Withdraw by 2 cm, rotate the nail to free the tip and continue advancing. 

Reduction with nail

Point the nail tip toward the opposite fracture plane and advance the nail into the proximal fragment. At this point gentle hammer blows may assist insertion and prevent the nail from advancing into the soft tissues. Rotate the tip to reduce the fracture.

Advance the nail for 2-3 cm and rotate the nail back to the initial position.

Reduction can be aided by increasing the deformity to allow fracture surface contact using the nail as a joystick.

Closed reduction

If the nail cannot be advanced into the proximal segment, manipulate the fracture by distraction and rotation of the forearm and check using image intensifier.

This may reduce the fracture in both planes and allows the nail to advance.

Open reduction

If the nail cannot be advanced after three attempts, open the fracture zone for reduction and advance the nail into the proximal fragment under direct vision. 

If an image intensifier is not available, an open procedure is necessary.

Make a small skin incision over the fracture zone followed by a small incision in the deep fascia.

The fracture often causes soft-tissue stripping, and the fragments are located with blunt finger dissection.

Insert two small retractors so that both fracture ends are visible.

Pearl: Before opening the fracture, a threaded K-wire may be used to manipulate the proximal fragment.

Pitfall: risk of compartment syndrome

Repeated attempts to achieve closed reduction and fixation may increase the risk of compartment syndrome.

The compartment status should be checked within 6 hours.

Final nail position

Advance the nail up to the strong metaphyseal bone at the level of the radial tubercle.

Place the forearm in supination with the nail tip rotated towards the ulna to tension the interosseous membrane.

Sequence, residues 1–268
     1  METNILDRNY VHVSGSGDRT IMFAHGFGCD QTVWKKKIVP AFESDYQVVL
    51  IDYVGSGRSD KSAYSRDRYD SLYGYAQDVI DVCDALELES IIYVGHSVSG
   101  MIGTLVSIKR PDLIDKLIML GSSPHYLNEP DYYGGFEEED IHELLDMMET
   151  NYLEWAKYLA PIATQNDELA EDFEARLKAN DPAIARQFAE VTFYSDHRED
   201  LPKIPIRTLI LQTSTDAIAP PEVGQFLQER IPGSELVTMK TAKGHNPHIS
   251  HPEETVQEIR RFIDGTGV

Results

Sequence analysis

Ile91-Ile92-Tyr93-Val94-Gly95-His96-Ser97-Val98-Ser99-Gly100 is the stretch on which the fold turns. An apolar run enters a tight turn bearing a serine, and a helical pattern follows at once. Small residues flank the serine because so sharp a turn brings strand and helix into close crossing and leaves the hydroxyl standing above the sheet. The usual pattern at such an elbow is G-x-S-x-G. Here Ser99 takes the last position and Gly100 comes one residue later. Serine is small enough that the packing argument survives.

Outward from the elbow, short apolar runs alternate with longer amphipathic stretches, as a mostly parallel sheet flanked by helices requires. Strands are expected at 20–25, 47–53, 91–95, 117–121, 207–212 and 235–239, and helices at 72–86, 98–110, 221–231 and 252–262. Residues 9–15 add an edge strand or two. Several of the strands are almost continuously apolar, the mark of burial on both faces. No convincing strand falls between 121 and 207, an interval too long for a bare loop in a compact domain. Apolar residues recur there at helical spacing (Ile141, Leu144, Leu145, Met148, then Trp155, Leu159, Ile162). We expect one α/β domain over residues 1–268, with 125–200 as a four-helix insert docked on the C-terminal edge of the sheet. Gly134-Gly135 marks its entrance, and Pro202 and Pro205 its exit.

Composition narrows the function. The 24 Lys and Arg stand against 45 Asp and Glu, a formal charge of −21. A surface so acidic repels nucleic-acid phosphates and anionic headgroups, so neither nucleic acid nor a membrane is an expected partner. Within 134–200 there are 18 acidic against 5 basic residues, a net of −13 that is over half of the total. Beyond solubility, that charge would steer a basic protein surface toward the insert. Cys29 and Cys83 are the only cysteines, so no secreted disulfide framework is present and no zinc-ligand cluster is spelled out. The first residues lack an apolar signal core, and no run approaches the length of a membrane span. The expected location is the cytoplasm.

Pearl: estimation of nail length

If an image intensifier is not available, estimate the optimum nail length with a second identical nail placed parallel to the initial nail.

Cutting the nail and wound closure

When using the lateral entry point, cut the nail near the bone.

If a dedicated nail cutter is not available, cut the nail slightly shorter as the end will be sharper and this prevents skin perforation.

Gently withdraw the nail by 1 cm, cut the nail outside the skin and reinsert to the original position with an impactor.

Ensure that the nail tip does not irritate the superficial radial nerve.

When using the dorsal entry point, the nail should be left long or protected with small end cap to prevent rupture of the extensor pollicis longus.

Close the subcutaneous tissue and skin in a standard manner.

5. Option: end caps

End caps may be useful for:

  • Stabilization of length unstable fractures
  • Protection of soft tissues (eg EPL)

The nail should finally be advanced using the beveled impactor.

A small end cap can be inserted over the nail using the inserter.

6. Final assessment

Check the completed osteosynthesis with image intensification. These images should be retained for documentation or alternatively an x-ray should be obtained before discharge.

Make sure that the desired reduction has been achieved and the nail is of appropriate length.

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v1.0 2018-11-28